MANILA — From cash registers accepting WeChat payments to street corner stalls selling “taho,” the number of Chinese workers in the Philippines is growing, sparking a legislative inquiry and a reminder from President Rodrigo Duterte to approach the influx with “caution.”
The foreigners, some working in offshore gaming operations, are employed for their Chinese-language skills, something Filipino workers can’t match at the moment, officials said.
Roughly half of the 169,000 Alien Employment Permits issued by the Department of Labor and Employment in the last 3 years went to Chinese nationals and a third of which are in support services, including offshore gaming, Labor Sec Silvestre Bello III told a Senate hearing on Feb. 21.
Thousands of Filipinos could be kicked out of China if the Philippines is not careful in handling the influx of Chinese workers, said Duterte, who rebuilt economic and diplomatic ties with Beijing.
“Yung mga Chinese dito, hayaan mo ‘yan, nandito magtrabaho hayaan mo. Bakit? We have 300,000 Filipinos in China,” he said in a speech on Feb. 23.
(The Chinese who are here for work, let them be. Why? We have 300,000 Filipinos in China.)
“If you think that you are at a loss, you are at a disadvantage because there are so many Chinese nationals working here, remember we have the same equal amount of people of Filipinos who are there working in China,” he said.
The alien permits issued by the labor department are different from special working permits from the Bureau of Immigration. Sen. Joel Villanueva, who led the Senate inquiry, said the issuance of permits from the BI could be tainted with fraud.
Some 185,000 special working permits were issued in the last 11 months, said Villanueva.
Bello said his agency had no power to deport workers with BI permits. He said he was consulting with Justice Secretary Menardo Guevarra to revoke a DOLE order that gave the BI the power to issue such permits.
“In reality, ‘pag may nakita kaming ganyan, hanggang tingin lang kami (if we see something like that, all we can do is look). We have no police authority,” he said.
Villanueva said mechanisms should be in place to ensure that Filipinos get hired in emerging industries.
“Sagrado po sa atin ang Section 12, Article 12 of the Constitution that guarantees preference of Filipino labor sa anumang trabaho. Pilipino muna bago dayuhan,” he said.
(Section 12, Article 12 of the Constitution is sacred. It guarantees preference for Filipinos in any job. Filipino first before foreigners.)
“Wala ho tayong problema sa pagpasok ng foreign workers sa bansa. Siguruhin lang natin tama ‘yung proseso, maayos, hindi mangbubuhos ng taho sa ating kapulisan, hindi mabalitaang nangchop-chop, nanuntok ng Pilipina sa isang bar.”
(We have no problem with the entry of foreign workers but they should go through the correct process. They shouldn’t splash our policemen with taho, figure in chop-chop incidents or threaten a Filipina at a bar.)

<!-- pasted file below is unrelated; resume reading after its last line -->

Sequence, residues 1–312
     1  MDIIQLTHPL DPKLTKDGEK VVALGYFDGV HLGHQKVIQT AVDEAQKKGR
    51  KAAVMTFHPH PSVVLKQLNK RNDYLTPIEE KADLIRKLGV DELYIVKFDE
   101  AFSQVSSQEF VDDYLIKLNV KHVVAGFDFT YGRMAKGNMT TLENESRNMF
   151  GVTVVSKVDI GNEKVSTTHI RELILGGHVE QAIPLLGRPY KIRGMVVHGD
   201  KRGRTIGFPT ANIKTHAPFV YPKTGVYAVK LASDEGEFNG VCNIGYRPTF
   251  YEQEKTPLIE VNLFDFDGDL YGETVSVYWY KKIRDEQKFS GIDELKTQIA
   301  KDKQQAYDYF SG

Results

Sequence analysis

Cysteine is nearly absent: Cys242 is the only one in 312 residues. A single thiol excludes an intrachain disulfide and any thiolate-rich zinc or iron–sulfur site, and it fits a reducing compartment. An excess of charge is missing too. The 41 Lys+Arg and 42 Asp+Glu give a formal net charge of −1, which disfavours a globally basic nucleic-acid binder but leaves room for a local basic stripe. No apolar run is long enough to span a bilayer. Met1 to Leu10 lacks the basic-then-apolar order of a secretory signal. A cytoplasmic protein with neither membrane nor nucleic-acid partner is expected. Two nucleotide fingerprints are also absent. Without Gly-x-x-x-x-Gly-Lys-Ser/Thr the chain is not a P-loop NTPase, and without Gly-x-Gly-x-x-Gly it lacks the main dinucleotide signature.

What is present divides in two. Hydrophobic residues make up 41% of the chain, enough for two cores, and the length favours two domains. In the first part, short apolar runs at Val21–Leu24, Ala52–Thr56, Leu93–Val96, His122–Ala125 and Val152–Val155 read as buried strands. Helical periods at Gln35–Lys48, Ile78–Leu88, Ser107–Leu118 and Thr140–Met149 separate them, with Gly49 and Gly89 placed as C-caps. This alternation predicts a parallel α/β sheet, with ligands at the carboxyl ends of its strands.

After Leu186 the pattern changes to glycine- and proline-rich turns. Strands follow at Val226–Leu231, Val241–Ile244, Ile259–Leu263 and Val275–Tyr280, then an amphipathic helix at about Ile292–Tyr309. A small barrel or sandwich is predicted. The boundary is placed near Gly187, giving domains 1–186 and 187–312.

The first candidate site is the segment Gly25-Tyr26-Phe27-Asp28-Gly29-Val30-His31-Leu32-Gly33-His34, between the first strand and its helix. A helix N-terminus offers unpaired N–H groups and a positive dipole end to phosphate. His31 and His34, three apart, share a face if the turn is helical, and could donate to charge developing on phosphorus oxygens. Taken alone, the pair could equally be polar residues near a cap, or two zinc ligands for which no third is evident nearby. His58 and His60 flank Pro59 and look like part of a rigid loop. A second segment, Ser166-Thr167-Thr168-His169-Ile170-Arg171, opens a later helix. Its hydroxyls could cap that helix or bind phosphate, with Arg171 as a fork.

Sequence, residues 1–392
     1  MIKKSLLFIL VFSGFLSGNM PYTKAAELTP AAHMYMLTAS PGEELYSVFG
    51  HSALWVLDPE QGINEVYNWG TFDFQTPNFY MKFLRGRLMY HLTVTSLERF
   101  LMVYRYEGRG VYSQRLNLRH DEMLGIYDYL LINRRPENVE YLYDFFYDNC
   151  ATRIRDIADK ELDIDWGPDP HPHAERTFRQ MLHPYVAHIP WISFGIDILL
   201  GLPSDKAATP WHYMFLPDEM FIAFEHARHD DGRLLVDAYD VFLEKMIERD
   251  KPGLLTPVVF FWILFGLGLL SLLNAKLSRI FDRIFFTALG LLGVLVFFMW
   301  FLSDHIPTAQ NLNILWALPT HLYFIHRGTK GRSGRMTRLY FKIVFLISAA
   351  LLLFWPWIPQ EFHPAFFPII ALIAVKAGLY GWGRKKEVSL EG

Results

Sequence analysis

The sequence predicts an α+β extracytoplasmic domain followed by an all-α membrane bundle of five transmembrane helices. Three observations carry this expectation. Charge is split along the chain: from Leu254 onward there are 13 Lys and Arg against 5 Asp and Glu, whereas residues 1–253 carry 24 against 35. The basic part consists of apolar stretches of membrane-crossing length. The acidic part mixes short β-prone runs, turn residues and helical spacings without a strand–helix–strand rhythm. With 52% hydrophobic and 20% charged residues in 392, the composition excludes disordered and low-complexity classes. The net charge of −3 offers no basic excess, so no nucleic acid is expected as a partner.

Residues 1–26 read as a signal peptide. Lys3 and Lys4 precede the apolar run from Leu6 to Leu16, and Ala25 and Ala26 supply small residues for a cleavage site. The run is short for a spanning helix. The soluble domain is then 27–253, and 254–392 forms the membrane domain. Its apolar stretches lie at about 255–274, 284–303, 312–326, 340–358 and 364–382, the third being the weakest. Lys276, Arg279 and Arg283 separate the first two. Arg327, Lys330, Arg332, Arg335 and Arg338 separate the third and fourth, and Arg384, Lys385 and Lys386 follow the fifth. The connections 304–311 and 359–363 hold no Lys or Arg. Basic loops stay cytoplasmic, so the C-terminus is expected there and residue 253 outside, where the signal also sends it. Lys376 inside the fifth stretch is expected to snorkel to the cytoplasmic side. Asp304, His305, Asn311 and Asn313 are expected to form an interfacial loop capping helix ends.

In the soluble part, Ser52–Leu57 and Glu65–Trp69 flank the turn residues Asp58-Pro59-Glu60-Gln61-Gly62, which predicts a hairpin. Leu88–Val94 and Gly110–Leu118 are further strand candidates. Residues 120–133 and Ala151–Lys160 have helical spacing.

He was referring to a recent incident wherein a Chinese woman working in the Philippines splashed taho or soy bean custard on the face of a policeman.
The woman, a 23-year-old fashion design student, allegedly insisted on entering a train station with her unconsumed drink in spite of a ban on liquids on the train.
Philippine Offshore Gaming Operators, many employing Chinese-speaking foreigners, have begun to change the outsourcing landscape in the country, as its uniformed personnel occupy prime office space and drive up prices in nearby condominiums.
POGOs accounted for 25 percent or 180,000 square meters of total office space deals in Manila from January to June 2018, according to property tracker Colliers.
Revenues were projected to have risen to P6 billion in 2018, nearly double the haul from the previous year, according to the Philippine Amusement and Gaming Corp.
The Philippines should be careful not to allow illegal operations to infiltrate POGOs, said Wilson Lee Flores, a Chinese businessman and newspaper columnist.
“Kung over reliant in that market, kung biglang sabihin ng China lahat ‘yan huhulihin ko, biglang baka mawala ang market natin. It’s good not to rely too much,” he said.
(If the market becomes over-reliant. What if China says I will run after everyone? The market might disappear. It’s good not to rely too much.)
POGO areas could end up as “ghost cities” should Xi cut off outsourced operations from the mainland using China’s “great firewall,” columnist Boo Chanco wrote on the Philippine Star.
Offshore gaming operators need Chinese nationals who can converse with customers in their own language, said Raul Lambino, CEO of the Cagayan Special Economic Zone Authority.
“The problem in gaming is that you don’t speak the language of the other guy that is playing with you,” Lambino said when asked why Filipinos are not preferred POGO workers.
“That’s why they have to bring their own people,” he said in an interview with ABS-CBN News last November.
Lambino said it was hard to determine the nationality of POGO operators. Companies could be registered in the UK, but the people behind it could be Chinese.
The CEZA chief said he was supporting the crackdown on illegal online gambling, canceling over 200 licenses since assuming office in 2016. Affected operators either moved overseas or sought licenses from PACGOR, he said.
The CEZA, located north of Manila, is working to lure financial technology companies, including blockchain and cryptocurrency exchanges.
“If they come and they know that I have the authority to do so and I find that their business plan is beneficial then they’re welcome but it’s not my priority to invite gaming operators,” he said.
Even if only 400 million of the 1.4 billion Chinese population are into gambling for example, that would still be “a very big business,” Lambino said.
“It’s going to grow, it’s still a big business. We haven’t scratched the surface yet,” Lambino said.
— reports from Jessica Fenol, ABS-CBN News